Supporting youth through grief

This resource was developed after the tragic and untimely death of beloved community member Fern Feather in 2022. We honor the grief journeys of those who loved her. We honor her memory with kindness, tenderness, and appreciation of small and beautiful things.


It really matters that we not hide reality from youth. It can be hard to talk about, especially as we process our own grief and rage, but our silence will not protect us. With the reality of news cycles and the ever present newsfeed on our phones, it’s likely that at least peripherally, youth know. If you don’t know how to begin, take a look at this resource on supporting youth after a violent death.

Take special care with the youth in our community who may be feeling disproportionately threatened because of their identities. Youth whose intersecting identities put them at risk on multiple levels might be feeling particularly alone. Check in with them, share sweet cat pictures, be both gentle and truthful. Don’t try to minimize feelings or concerns, and offer counters and connections that affirm, respect, and reflect their truth and the goodness of who they are.

Let youth lead, and move at their pace. If they ask questions, be honest (and developmentally matching). You can share that a person has died, a friend of the community, and that that person shouldn’t have died, and it’s very sad. You can ask: how do you feel? What do you think about when you hear this news? Here is a resource for adults caring for grieving teens.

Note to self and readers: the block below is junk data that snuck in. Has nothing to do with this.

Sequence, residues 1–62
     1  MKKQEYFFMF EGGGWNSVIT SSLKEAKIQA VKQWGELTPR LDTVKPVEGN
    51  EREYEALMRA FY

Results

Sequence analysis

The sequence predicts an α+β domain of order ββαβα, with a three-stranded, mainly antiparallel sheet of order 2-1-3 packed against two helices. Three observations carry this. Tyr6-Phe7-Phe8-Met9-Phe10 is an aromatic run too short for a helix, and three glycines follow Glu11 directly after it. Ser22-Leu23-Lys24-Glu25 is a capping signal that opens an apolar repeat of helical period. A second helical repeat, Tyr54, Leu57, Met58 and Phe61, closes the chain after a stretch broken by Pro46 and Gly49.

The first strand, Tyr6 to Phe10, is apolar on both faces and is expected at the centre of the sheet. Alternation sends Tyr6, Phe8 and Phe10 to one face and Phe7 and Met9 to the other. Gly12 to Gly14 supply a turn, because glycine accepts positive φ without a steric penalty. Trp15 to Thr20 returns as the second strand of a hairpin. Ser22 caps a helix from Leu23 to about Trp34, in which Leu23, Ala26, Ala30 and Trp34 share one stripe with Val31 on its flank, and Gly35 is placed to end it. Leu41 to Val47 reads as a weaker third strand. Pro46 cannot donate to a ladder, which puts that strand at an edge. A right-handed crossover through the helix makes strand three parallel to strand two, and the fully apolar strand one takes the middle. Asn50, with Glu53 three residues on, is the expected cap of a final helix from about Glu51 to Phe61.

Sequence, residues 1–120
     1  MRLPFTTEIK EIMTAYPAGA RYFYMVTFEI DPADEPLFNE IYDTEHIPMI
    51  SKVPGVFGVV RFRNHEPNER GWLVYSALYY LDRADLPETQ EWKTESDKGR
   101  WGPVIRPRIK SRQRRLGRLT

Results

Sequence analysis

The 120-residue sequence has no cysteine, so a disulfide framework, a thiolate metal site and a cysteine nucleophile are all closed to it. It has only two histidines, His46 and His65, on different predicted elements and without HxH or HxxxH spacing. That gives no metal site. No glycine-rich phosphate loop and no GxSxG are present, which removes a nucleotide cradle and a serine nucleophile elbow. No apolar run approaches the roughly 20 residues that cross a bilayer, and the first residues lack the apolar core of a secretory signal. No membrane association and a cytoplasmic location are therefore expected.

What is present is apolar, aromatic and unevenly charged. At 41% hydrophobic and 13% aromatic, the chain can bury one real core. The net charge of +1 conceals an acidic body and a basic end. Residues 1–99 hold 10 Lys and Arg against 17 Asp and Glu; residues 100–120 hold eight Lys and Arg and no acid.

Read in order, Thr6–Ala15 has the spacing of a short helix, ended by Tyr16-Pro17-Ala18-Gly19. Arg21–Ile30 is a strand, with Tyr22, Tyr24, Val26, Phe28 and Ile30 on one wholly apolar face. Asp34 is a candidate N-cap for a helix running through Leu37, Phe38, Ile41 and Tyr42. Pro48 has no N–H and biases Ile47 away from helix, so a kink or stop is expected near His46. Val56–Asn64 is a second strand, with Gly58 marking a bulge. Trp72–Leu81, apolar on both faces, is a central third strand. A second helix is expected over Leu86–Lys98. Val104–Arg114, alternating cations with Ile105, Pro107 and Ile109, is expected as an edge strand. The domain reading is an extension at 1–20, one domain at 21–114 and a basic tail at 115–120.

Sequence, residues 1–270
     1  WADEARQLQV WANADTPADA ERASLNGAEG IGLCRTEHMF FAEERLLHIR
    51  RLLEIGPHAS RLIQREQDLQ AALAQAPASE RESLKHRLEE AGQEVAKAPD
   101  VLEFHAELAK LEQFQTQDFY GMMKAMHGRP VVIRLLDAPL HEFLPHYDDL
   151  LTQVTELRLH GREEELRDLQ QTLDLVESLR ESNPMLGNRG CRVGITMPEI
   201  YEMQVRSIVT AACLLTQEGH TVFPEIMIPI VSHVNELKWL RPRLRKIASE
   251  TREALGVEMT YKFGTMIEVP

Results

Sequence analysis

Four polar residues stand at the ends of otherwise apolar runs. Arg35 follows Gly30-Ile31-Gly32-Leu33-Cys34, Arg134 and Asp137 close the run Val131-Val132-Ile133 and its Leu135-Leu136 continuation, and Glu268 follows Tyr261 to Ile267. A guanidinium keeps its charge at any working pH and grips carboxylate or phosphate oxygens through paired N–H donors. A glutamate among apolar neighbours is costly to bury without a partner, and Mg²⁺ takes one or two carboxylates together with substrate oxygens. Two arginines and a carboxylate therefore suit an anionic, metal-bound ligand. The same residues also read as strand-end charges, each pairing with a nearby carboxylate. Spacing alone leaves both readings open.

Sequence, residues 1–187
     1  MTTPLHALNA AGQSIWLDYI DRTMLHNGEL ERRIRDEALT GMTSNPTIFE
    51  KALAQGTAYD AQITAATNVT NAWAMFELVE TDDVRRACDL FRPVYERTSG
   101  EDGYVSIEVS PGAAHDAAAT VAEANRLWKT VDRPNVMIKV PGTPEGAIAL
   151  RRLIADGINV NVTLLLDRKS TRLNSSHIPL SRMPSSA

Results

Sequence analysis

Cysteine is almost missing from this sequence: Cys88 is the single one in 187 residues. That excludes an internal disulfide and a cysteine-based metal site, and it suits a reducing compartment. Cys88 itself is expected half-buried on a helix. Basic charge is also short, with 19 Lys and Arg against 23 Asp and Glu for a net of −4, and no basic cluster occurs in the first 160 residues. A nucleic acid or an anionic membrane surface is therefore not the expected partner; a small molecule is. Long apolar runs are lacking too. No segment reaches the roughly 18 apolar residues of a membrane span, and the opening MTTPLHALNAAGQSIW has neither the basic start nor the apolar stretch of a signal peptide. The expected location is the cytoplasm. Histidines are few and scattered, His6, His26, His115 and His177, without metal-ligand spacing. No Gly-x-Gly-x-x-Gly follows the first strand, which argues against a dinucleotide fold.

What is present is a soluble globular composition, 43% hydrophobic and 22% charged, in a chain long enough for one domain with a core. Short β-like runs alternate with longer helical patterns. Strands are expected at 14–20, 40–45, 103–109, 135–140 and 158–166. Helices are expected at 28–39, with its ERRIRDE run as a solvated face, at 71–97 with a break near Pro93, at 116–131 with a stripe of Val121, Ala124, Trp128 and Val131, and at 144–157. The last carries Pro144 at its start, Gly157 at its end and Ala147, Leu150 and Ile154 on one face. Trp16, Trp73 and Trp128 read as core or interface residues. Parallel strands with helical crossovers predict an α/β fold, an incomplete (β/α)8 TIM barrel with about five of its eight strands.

Make space for youth to have feelings/responses, AND talk about the tragedy in the context of community care. How do we know that we care for each other? How are we watching out for each other? Who can we talk to if we are upset or spun by this news? Find our Community Care Toolkit here for more about the meaning and importance of community care.

Many folks ask — what can we do? This is a big important question. Figuring out ways of offering each other care, talking about how you can support each other, and acting on that, is really important. As author and activist adrienne maree brown writes, “your grief is a worthwhile use of your time.”

  • Our website has these resources for youth in crisis for you to share.
  • Attending a vigil, learning about and honoring the lives of those impacted are also ways to offer care and recognition.
  • Those who are based in schools may want to alert counseling staff about this reality, and talk it over with them.

Outright is here, now and always. Peace and tenderness to all as we mourn the lost, and fight like hell for the living.